Wednesday, September 5, 2018

Time is a Dog; Space is a Cat by Robin Boyd

A dog marks time by smell. He knows
when you're due to arrive home as your scent
molecules dissipate with each passing hour.

He was waiting at the door ten minutes
before you turned left into the driveway --
his tail, a metronome, keeping time to gladness. 

His wake-up call is an engine starting on a cold day.
It begins with a low rumble deep in the chest before roaring
to life as a full-throated bark demanding love & breakfast.

He is the grizzled muzzle as the years pass,
the lengthening naps, shorter walks,
long sighs of contentment by the fire.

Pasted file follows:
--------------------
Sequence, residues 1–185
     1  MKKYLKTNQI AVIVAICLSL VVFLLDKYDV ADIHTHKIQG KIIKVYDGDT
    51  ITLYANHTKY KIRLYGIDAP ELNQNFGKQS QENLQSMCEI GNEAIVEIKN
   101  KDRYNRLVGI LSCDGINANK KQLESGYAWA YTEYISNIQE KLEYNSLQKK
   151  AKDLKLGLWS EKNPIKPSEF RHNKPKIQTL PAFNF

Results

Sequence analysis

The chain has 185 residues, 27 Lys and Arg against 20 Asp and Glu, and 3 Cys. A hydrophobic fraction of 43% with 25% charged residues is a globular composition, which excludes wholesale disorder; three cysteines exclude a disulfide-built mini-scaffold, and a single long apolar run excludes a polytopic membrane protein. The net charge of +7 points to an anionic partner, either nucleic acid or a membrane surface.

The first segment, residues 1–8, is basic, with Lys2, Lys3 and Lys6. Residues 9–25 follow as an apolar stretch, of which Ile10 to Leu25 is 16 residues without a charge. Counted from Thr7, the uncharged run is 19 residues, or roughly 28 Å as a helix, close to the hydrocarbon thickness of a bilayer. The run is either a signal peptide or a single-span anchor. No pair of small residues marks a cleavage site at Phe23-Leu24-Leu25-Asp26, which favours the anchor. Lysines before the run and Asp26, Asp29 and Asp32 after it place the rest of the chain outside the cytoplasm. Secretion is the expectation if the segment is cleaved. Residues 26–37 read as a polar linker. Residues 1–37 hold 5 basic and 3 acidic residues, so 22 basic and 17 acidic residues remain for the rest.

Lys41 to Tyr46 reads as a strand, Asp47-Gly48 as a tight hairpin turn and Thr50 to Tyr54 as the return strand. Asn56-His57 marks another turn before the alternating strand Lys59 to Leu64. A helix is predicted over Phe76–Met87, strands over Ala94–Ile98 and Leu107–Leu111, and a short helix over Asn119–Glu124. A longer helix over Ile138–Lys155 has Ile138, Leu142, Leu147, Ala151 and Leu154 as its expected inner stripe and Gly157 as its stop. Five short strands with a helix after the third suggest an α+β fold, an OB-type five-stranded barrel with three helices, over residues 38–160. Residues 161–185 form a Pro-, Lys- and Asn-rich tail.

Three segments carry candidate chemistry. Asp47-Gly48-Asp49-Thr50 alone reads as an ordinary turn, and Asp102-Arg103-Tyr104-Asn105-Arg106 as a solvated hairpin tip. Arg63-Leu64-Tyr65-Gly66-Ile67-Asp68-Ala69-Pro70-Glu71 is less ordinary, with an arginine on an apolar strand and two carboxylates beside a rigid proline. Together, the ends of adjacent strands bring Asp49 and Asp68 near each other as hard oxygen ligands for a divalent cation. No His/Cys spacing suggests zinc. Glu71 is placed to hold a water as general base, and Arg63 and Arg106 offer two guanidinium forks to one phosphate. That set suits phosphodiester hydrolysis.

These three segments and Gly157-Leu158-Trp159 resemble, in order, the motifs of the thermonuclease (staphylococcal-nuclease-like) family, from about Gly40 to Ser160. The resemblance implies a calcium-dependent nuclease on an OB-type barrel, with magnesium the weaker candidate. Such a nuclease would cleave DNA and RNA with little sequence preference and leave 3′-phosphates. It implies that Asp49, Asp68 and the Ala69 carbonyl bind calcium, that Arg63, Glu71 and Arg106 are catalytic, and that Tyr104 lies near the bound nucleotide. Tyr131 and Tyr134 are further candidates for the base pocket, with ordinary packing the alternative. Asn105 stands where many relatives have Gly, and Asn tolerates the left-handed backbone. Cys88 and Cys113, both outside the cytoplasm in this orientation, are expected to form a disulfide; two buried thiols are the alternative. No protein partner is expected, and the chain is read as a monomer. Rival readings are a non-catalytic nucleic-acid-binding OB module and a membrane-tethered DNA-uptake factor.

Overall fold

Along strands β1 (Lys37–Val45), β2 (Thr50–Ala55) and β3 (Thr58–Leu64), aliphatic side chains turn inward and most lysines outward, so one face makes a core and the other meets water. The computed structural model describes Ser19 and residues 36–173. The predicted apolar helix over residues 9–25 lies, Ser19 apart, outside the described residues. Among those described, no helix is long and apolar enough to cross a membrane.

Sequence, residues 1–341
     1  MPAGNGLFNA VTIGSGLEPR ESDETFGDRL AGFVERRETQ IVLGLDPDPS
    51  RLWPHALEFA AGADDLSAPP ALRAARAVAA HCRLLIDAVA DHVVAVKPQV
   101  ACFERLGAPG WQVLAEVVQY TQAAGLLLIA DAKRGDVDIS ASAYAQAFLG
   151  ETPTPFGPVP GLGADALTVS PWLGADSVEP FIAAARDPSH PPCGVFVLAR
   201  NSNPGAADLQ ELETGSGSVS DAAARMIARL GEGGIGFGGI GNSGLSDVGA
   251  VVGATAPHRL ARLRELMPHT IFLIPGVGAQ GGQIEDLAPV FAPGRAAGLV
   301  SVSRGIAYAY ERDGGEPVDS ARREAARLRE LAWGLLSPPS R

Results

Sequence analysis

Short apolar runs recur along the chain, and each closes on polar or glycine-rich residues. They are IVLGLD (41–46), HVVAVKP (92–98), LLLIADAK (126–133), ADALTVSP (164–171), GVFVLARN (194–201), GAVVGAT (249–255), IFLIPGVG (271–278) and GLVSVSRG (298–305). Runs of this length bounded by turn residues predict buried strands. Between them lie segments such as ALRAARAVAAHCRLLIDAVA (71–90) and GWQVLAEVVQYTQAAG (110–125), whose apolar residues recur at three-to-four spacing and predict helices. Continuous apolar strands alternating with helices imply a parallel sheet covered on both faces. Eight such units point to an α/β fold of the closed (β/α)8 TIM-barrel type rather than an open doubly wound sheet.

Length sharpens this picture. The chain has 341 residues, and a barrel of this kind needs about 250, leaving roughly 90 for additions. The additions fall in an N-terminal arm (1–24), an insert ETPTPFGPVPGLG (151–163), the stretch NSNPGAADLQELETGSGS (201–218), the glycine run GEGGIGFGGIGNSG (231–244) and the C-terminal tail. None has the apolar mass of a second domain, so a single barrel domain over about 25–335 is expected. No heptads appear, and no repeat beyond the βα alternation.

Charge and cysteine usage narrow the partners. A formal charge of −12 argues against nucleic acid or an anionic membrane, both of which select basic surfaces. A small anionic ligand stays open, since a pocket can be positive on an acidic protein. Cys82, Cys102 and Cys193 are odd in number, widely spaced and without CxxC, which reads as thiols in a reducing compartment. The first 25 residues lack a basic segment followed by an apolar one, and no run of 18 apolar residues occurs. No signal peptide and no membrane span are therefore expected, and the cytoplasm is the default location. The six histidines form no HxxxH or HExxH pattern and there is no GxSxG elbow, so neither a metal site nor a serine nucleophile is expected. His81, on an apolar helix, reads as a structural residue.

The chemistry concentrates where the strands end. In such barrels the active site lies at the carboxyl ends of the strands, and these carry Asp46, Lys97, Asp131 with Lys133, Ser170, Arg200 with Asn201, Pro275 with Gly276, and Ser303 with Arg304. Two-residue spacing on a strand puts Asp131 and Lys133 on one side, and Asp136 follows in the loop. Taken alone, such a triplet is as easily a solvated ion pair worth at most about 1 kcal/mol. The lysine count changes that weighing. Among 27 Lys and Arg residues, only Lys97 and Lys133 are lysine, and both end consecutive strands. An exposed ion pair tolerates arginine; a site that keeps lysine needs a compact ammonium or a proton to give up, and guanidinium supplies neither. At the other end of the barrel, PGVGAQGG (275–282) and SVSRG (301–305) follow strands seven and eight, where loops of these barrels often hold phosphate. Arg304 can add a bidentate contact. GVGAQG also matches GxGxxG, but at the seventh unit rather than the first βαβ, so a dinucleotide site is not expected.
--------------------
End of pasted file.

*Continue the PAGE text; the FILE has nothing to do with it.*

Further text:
He forces us to consider our finite lives the day
he politely declines his food. He is an interval,
a path to letting go and taking the risk to love.

                              * * *

Cats are like birds -- they inhabit a world
both vertical and horizontal and are less
beholden to gravity than most wingless beasts.

They take on the shape of whatever space
they occupy -- a cardboard box, a flower pot,
the span of the dining room table. Sunshine.

They kindly allow us to share their domain
not so much as you might move an inch
or two to make room for me on a bench,

but as a librarian might welcome us
into the stacks, a nod and a slight smile
to acknowledge the pact of amiable silence
as we each follow our own curiosities.

Robin Boyd lives in New Hampshire. With degrees in creative writing and environmental education, her work explores the edges where human and nonhuman worlds connect and inform each other. Her most recent work appears in Cutthroat and Briar Cliff Review. Her book of poems, Among the Slow Roots, was published in 2007 by Gap Mountain Press.

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